- DS0 Loops—These network elements are typically used to provide both voice and broadband service using various Digital Subscriber Line technologies. The Order eliminates unbundling requirements for these loops in densely populated areas, which tend to have more competitive options, but preserves unbundling requirements for DS0 loops in less densely populated areas.
- Legacy Narrowband Voice-Grade Loops—These network elements are used to provide legacy voice service and have no broadband service capability. Given the shift away from legacy voice services to IP-and wireless-based voice services offered by multiple providers, the Order removes unbundling obligations for narrowband voice-grade loops nationwide.
- Dark Fiber Transport—These services provide a connection between phone companies’ local wire centers. The Order eliminates unbundling requirements for dark fiber transport originating or terminating from a wire center within a half-mile of competitive fiber networks.
The Order also discontinues, subject to a three-year transition period, a requirement that incumbent LECs make available for resale their retail legacy telecommunications services at cost-based rates. These services are predominantly used by competitive LECs to provide legacy voice services to business and government customers.
Many elements of the Report and Order are consistent with a compromise proposal for determining the appropriate scope of the FCC’s unbundling rules in today’s marketplace that was reached by major industry buyers and sellers of unbundled network elements.
The Federal Communications Commission took action to reduce regulatory barriers to 5G deployment by further streamlining the state and local government review process for modifications to existing wireless infrastructure that involve excavation and deployment beyond existing site boundaries.
In the Report and Order adopted, the FCC revised its rules implementing section 6409(a) of the Spectrum Act of 2012, which provides that state and local governments may not deny certain requests to modify existing wireless structures that do not substantially change the physical dimensions of the structures. The revised rules provide that excavating or deploying transmission equipment in an area no more than 30 feet beyond existing site boundaries would not disqualify the modification from section 6409(a) treatment. This change is consistent with the current Nationwide Programmatic Agreement for the Collocation of Wireless Antennas, which provides that excavation or deployment within the same limited area beyond a site boundary generally does not warrant federal historic preservation review of a collocation. The Report and Order also defines site boundaries in a manner that appropriately reflects prior state or local government review.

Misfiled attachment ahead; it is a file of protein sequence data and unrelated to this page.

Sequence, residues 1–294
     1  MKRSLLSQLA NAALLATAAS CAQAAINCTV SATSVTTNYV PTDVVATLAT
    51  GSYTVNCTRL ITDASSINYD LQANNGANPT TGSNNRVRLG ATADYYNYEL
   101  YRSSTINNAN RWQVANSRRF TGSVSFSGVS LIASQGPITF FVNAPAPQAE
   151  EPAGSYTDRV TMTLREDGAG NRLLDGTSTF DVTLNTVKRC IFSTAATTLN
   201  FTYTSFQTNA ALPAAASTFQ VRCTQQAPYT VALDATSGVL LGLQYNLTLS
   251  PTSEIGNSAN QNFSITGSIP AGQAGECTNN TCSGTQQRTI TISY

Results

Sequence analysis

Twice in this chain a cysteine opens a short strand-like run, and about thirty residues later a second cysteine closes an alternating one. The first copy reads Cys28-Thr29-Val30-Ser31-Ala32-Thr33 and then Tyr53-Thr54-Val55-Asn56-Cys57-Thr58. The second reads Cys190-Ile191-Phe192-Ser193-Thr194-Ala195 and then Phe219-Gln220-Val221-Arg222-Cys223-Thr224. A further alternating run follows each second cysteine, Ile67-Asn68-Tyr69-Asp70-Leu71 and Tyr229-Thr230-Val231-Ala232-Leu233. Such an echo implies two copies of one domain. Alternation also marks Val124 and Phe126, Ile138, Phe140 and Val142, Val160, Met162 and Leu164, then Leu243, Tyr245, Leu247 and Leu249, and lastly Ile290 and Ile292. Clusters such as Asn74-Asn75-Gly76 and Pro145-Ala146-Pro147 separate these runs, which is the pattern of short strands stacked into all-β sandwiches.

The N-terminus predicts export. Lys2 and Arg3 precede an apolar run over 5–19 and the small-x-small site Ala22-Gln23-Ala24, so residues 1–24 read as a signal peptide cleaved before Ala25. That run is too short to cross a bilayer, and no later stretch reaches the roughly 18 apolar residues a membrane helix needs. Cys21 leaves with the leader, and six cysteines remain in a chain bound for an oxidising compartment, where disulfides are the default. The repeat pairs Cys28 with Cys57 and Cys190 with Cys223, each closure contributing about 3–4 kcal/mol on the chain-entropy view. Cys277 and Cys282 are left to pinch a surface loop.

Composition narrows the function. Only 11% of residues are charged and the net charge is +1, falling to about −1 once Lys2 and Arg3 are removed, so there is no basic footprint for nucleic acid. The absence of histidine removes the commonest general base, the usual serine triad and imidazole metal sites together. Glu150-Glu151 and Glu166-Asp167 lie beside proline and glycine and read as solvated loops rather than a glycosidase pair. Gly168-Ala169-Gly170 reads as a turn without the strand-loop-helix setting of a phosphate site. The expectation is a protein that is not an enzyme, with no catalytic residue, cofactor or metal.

The Federal Communications Commission amended its rules governing unlicensed wireless services provided over spectrum in the television broadcasting bands – the so-called TV white spaces. The amended rules will allow for expanded use of this spectrum for the delivery of broadband services in rural and underserved communities while protecting broadcast television stations and other licensed services from harmful interference.
Specifically, the FCC is increasing the maximum permissible power and antenna height for fixed white space devices operating in “less congested” areas (generally rural and unserved areas) in the TV bands. The amended rules also increase the minimum required separation distances between protected services and entities operating in the band and white space devices operating at the new higher power levels and higher heights above average terrain in order to ensure that broadcast television stations are protected from harmful interference. In addition, the FCC is permitting higher power mobile operations using white space devices in “less congested” areas within defined geo-fenced areas, such as school bus routes or farm boundaries. The rule changes also provide flexibility for new and innovative narrowband white space devices so that users can more fully benefit from Internet of Things applications. Finally, the FCC also adopted a Further Notice of Proposed Rulemaking to explore whether to modify its rules to permit the use of terrain-based models to determine available TV channels for white space devices.
The Data Mapping to Save Mom's Lives Act (S. 3152) would require the Federal Communications Commission to incorporate data on maternal health outcomes into its most recently available broadband health mapping tools. In addition, the bill would require the Government Accountability Office (GAO) to report to the Congress on the effectiveness of Internet connectivity in reducing maternal morbidity rates.
Using information about the cost of broadband mapping, CBO estimates that it would cost the FCC less than $500,000 to update its broadband health maps to incorporate maternal health outcomes. However, because the FCC is authorized to collect fees each year sufficient to offset the appropriated costs of its regulatory activities, CBO estimates that the net cost to the FCC would be negligible, assuming appropriation actions consistent with that authority. CBO estimates that it would cost the GAO less than $500,000 to complete the required report.
If the FCC increases annual fee collections to offset the costs of implementing provisions in the bill, S. 3152 would increase the cost of an existing private-sector mandate on entities required to pay those fees. CBO estimates that the incremental cost of the mandate would be small and would fall well below the annual threshold established in the Unfunded Mandates Reform Act for private-sector mandates ($168 million in 2020, adjusted annually for inflation).
The United States Department of Agriculture (USDA) is investing $2.3 million to provide broadband service in unserved and underserved rural areas in North Carolina. This investment is part of the $550 million Congress allocated to the second round of the ReConnect Program. Yadkin Valley Telephone Membership Corporation will use a $2.3 million ReConnect grant to deploy a fiber-to-the-premises network. This network will connect 5,686 people, 67 farms and 18 businesses to high-speed broadband internet in Davie, Yadkin and Iredell counties in North Carolina.